The closing credits list Pat Hingle as "Sheriff Joe Bob Sims" but signs at Apache Park and the municipal building clearly state "Marshal Joe Bob Simms" (with 2 ms) and he's referred to as "Marshal" throughout the episode. See more »
[Act One Opening Narration]
Bixton, Arizona. Small, quiet. For some a good place to live. But for Richard Kimble, Fugitive, it's only a stopover between rides, a stopover he will not soon forget.
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Pat Hingle is back in a tour de force as the title character, a Sheriff, (Joe Bob Sims), of a small Arizona town who on the surface seems like an Andy Taylor, being polite to everyone, telling folksy stories, etc. He's Andy Taylor if Andy Taylor is a corrupt psychopath. He has his eye on Mary Murphy, (Marlon Brando's girl in "The Wild One"), whose brother, (Tom Skerritt) is in jail for petty theft. He puts his prisoners to work on a park that is a sort of monument to himself, so he wants as many prisoners as he could get, including Richard Kimble whom he picks up on a charge of hitchhiking, which is somehow illegal in his town, (as are a lot of other things you wouldn't think of as unlawful). He puts Kimble, Skerritt and a drunk who was sleeping it off in jail to work on his park. He also has a deal with the mayor, (Dabbs Greer) that the mayor's son will get the Sheriff's job when Hingle gets an anticipated appointment to the state police, which will been a surprise to his deputy, (Dabney Coleman), who expects to get the job.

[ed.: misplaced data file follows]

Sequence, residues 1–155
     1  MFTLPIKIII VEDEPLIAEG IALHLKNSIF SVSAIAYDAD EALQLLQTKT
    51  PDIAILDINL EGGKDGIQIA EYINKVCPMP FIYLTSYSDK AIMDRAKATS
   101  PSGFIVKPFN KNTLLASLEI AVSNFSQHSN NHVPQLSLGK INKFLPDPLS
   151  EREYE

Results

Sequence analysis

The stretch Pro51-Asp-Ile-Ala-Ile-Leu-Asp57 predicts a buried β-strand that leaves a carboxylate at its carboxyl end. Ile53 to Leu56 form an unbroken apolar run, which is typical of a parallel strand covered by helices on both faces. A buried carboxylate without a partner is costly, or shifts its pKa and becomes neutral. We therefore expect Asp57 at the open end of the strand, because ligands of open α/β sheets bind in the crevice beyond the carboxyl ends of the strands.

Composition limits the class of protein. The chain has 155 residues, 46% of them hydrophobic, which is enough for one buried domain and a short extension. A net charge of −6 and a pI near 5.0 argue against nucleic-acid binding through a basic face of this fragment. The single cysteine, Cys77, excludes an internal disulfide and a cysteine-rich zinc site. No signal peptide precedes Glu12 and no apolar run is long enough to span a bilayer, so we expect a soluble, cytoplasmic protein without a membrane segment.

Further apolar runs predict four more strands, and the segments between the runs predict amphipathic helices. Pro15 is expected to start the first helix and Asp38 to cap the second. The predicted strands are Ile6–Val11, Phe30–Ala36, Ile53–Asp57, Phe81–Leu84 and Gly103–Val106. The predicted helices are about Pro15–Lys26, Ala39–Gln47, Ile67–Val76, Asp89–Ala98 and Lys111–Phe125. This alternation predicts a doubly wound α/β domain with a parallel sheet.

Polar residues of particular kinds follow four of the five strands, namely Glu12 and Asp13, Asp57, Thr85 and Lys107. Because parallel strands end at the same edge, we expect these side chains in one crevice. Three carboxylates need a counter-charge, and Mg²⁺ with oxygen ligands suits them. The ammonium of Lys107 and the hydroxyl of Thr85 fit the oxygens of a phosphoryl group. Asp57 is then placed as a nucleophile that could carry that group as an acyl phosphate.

Hingle arranges for Skerritt to perish in an 'accident' that Kimble witnesses. He then releases Kimble outside the city limits, with instruction to never come back. However, Kimble's compassion and sense of justice causes him to return to tell Murphy what happened to her brother. He explains he can't stay to testify but she and her father charge him with theft to keep him here to do just that, which puts him back in Hingle's jail. Nobody could have played this folksy bad guy as well as Pat Hingle- except maybe Andy Griffith, (if you've ever seen "A Face in the Crowd").
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